October 28, 2008
An Obama win is bad for trade...
Nafta-Plus: Canada looks to Europe in anticipation of Obama protectionism.
OCTOBER 20, 2008
Barack Obama's promise to unilaterally rewrite the North American Free Trade Agreement if Canada and Mexico won't go along with his ideas on labor and the environment has not gone unnoticed in Ottawa. If Canadians are going to have a tougher time selling their goods and services south of the border, who can blame them for looking east - across the Atlantic to Europe.
Prime Minister Stephen Harper and President Nicolas Sarkozy of France signed an agreement Friday to begin negotiations for a free trade pact between Canada and the European Union. A Canada-EU study released last week outlines the joint economic benefits of such a partnership, with two-way trade estimated to increase 22.9% by 2014.
The proposed partnership goes a lot further than Nafta. In addition to allowing free trade in goods and services, it would harmonize regulations, open up the air-travel market, and boost opportunities in government-procurement. Most important, it would free the labor market so that skilled workers could move easily back and forth across the Atlantic.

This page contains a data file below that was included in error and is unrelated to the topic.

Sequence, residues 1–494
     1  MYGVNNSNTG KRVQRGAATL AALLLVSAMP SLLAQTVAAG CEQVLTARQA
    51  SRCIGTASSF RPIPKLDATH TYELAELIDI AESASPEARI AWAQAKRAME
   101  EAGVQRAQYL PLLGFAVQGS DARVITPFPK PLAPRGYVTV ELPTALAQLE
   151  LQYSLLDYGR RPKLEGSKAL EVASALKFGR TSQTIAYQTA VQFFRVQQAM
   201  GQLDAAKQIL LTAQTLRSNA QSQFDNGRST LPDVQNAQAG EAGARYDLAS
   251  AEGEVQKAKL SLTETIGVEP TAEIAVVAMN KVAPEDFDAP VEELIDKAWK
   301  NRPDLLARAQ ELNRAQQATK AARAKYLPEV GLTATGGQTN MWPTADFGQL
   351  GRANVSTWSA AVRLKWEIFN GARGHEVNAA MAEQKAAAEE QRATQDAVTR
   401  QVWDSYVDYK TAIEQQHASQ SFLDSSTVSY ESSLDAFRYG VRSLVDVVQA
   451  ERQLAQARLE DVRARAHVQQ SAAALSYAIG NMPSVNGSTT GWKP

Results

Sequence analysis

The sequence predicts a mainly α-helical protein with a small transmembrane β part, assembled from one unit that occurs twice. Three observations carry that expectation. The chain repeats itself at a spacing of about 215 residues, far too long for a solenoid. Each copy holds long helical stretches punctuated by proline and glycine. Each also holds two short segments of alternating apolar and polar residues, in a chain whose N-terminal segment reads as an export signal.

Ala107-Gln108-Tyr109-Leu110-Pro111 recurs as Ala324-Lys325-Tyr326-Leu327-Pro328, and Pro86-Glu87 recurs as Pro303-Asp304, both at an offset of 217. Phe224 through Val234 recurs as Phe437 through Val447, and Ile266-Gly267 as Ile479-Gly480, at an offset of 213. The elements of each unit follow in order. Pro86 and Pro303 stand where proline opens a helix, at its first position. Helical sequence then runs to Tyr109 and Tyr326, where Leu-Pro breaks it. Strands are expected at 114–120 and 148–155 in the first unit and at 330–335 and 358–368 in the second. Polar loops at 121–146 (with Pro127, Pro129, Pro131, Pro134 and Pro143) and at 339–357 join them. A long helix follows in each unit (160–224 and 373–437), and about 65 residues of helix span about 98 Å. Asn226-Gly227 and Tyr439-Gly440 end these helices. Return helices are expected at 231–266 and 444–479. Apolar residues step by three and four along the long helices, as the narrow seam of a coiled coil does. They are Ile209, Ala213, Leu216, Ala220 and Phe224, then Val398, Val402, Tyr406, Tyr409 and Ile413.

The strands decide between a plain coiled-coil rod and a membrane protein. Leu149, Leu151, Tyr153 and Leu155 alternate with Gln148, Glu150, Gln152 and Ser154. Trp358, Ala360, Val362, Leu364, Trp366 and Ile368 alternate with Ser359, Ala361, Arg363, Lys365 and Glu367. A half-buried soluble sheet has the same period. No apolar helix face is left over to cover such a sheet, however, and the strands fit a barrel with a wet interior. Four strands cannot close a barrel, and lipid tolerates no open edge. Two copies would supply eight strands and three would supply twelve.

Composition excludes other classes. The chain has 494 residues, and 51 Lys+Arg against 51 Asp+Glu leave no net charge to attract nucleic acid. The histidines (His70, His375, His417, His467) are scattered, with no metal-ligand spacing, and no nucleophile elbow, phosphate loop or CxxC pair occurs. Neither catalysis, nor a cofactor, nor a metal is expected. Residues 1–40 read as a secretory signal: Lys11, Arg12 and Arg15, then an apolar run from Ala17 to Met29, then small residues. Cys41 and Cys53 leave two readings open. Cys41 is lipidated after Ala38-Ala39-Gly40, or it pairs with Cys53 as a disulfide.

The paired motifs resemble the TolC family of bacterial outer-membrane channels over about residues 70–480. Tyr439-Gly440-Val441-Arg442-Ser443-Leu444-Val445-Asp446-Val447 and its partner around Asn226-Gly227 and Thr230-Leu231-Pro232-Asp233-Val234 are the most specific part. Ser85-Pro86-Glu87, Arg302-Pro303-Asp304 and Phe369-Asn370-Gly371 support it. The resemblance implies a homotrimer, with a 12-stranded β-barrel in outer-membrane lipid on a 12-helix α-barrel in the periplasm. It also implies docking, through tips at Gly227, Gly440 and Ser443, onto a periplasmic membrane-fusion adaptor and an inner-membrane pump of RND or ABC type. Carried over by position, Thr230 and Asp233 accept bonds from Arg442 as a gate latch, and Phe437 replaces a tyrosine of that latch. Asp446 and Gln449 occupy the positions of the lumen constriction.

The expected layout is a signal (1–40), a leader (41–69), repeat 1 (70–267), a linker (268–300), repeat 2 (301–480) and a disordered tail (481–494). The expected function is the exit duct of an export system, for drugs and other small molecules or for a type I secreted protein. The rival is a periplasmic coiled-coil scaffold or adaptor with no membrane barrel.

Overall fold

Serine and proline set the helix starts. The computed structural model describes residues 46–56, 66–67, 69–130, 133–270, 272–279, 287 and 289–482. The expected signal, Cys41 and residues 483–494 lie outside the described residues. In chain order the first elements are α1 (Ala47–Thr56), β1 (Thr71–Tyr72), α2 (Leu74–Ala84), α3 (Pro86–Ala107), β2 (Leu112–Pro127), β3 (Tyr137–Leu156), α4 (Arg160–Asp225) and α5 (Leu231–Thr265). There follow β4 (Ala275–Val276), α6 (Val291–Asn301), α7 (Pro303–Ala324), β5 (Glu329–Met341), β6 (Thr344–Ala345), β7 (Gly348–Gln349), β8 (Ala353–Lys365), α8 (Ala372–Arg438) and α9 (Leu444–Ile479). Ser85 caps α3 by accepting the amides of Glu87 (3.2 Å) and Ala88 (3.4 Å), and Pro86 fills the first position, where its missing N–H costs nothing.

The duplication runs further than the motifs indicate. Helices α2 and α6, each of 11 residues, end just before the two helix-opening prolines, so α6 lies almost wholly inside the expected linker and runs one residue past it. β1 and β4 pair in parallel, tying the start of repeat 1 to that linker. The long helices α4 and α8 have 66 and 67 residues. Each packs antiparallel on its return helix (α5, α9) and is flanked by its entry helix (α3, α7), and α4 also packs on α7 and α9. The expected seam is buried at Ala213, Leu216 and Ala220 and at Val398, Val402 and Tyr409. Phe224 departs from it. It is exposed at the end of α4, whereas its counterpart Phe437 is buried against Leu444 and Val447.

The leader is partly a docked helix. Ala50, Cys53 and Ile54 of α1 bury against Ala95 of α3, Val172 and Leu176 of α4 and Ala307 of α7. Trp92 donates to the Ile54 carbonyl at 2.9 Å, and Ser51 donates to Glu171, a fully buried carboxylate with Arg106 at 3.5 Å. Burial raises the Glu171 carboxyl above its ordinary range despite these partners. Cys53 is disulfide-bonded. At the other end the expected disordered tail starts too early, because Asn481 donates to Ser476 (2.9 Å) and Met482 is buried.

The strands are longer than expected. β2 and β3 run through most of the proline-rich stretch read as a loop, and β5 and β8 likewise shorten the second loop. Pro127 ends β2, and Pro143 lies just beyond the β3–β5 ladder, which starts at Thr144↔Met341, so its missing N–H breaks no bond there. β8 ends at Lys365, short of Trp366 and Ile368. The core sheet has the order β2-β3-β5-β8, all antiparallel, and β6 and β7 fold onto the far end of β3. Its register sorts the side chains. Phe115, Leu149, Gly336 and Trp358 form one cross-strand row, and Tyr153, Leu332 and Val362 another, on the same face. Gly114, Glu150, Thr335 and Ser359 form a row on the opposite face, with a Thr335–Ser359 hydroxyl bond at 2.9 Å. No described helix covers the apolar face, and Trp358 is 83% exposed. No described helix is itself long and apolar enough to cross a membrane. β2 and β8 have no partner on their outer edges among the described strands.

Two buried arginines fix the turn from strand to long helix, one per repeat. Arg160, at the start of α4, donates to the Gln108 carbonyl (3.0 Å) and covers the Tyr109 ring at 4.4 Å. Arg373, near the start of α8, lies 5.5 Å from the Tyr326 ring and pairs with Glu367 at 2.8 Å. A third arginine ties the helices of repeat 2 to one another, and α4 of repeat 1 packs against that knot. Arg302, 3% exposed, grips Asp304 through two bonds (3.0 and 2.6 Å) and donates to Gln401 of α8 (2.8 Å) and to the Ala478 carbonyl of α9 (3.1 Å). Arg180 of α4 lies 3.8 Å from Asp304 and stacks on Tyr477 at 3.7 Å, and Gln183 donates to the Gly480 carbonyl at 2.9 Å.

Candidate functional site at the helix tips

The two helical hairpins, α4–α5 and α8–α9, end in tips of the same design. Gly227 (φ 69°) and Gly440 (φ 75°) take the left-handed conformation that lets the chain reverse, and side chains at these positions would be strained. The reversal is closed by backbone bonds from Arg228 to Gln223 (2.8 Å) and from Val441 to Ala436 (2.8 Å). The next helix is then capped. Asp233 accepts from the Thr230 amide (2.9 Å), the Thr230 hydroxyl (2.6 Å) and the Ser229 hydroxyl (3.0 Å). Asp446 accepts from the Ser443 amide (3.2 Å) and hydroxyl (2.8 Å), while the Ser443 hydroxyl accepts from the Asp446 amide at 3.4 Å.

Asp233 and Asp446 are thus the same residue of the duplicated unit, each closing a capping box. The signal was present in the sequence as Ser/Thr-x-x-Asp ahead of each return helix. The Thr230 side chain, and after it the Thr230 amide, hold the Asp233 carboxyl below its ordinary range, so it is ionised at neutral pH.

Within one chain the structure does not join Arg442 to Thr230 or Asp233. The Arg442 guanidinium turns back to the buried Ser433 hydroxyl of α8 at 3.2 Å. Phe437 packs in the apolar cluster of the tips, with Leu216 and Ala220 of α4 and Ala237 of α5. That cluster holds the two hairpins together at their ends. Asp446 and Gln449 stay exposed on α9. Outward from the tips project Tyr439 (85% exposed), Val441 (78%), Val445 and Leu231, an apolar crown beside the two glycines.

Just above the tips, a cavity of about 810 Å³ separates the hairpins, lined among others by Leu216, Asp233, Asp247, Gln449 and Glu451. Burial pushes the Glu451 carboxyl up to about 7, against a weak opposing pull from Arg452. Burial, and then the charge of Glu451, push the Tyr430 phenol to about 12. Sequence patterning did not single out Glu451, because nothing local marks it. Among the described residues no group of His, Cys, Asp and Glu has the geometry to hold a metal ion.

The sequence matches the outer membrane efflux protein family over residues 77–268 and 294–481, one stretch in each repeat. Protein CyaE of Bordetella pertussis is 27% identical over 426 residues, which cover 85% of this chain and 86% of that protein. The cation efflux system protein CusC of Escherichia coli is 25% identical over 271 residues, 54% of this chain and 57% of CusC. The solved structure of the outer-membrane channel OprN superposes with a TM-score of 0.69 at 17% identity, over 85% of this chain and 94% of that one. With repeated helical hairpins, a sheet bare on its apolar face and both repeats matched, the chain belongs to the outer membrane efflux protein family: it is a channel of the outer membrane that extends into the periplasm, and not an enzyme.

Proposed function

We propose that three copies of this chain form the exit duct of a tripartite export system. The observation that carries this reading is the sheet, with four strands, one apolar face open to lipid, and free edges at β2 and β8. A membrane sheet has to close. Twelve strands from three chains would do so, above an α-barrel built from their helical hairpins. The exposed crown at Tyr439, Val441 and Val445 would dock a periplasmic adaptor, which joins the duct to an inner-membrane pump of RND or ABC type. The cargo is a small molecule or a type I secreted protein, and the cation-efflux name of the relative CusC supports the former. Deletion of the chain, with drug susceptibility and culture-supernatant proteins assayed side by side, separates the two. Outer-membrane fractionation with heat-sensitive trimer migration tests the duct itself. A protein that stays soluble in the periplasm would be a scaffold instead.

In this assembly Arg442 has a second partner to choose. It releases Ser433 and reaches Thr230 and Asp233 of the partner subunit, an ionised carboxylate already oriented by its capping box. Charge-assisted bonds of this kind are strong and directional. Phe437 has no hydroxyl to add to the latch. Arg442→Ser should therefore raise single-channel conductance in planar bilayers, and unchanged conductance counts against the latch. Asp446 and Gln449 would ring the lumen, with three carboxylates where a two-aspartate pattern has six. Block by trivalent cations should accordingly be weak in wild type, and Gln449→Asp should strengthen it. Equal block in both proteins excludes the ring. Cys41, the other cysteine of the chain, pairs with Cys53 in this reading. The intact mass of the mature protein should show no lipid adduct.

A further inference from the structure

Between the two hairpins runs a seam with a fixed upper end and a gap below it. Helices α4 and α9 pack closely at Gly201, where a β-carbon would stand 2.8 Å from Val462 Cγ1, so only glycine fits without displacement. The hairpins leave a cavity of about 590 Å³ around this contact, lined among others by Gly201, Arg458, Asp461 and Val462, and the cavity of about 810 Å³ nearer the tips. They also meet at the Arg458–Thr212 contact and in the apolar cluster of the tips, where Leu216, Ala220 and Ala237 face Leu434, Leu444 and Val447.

The free-labor point is key. As recently as half a century ago, Canadians and Americans were pretty much free to work in either country without the visa restrictions that apply today. Under the proposed Canada-EU agreement, a computer geek from, say, the University of Waterloo - one of whose alumni developed the BlackBerry - would be able to take a job in Hamburg or Dublin if he wished; forget about Silicon Valley.
At a news conference on Friday, Mr. Harper said, "We must stand against protectionism and work to lower and eliminate barriers." If Canada and the EU are successful in liberating their economic relationship, we have a question: Can the U.S. join too?
Copyright 2008 - The Wall Street Journal